0.5 stars (out of four)
The poster for “Winter’s Tale” states, “This is not a true story. It’s a love story.” Already we have a problem: Does this mean love stories are inherently fictional? And do the filmmakers really think anyone watching magical horses and human-looking minions of the devil needs to be told it’s a bunch of hooey?
Adapting a 1983 novel by Mark Helprin, writer/first-time feature director Akiva Goldsman (“The Da Vinci Code”) delivers insulting mush wrapped in a twinkly package with skulls drawn on it. Seriously, a cutesy scene of a little girl talking about life-saving kisses precedes a creepy image of a guy with his mouth sewn shut.
This is long after the film has gotten completely out of control. “Tale” opens with voiceover from Beverly (Jessica Brown Findlay of “Downton Abbey”), who says, “What if once upon a time there were no stars in the sky at all?” She suggests that people become stars after death, something we all of course considered a long time ago in “Don’t Eat the Pictures: Sesame Street at the Metropolitan Museum of Art.”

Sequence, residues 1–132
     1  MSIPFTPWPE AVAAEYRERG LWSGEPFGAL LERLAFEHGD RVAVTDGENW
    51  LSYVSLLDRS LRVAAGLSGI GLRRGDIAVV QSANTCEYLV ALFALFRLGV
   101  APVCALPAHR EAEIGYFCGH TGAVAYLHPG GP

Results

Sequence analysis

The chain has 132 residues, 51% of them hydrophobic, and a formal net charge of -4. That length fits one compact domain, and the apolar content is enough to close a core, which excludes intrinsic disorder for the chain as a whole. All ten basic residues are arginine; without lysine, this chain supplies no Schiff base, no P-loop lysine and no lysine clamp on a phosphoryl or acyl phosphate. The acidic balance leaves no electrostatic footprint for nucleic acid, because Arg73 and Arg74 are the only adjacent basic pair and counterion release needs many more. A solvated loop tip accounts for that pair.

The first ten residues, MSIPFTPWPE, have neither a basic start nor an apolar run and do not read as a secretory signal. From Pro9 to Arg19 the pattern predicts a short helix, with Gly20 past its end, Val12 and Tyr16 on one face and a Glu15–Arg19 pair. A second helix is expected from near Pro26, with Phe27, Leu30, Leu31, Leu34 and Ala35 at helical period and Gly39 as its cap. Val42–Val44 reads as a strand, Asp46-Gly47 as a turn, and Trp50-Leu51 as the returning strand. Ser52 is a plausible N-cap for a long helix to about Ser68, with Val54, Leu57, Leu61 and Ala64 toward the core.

When she meets Peter Lake (Colin Farrell, absurdly playing a 21-year-old) in a scene echoing the contrived romance of “Labor Day,” he’s taken by her beauty. He’s also undeterred by her imminent death from consumption and propensity to actually say things like, “The sicker I become, the more closely I can see that everything is connected by light.” The pair are tracked by a menacing dude named Pearly Soames (Russell Crowe), who watches Peter ride off on the aforementioned winged horse and tells the men standing right beside him, “He’s got the goddamn horse.”
“Winter’s Tale” resembles a melodramatic blend of “The Adjustment Bureau” and “Men in Black,” featuring a cameo that results in two shockingly awful chats between an Oscar nominee and an Oscar winner. Beverly’s dad (William Hurt) must mispronounce “filet,” and Graham Greene has one scene as a wise Native American stereotype. Meanwhile, Crowe rarely enunciates; at times I thought he was saying things like “egg physics” and “fairy sausage.”
Farrell’s chemistry with Findlay puts “Winter’s Tale” on the scoreboard. Otherwise, its increasingly convoluted, unintentionally funny take on destiny inspires disbelief and questions like, “Isn’t it more likely someone has amnesia from being thrown off a bridge than from losing love?”
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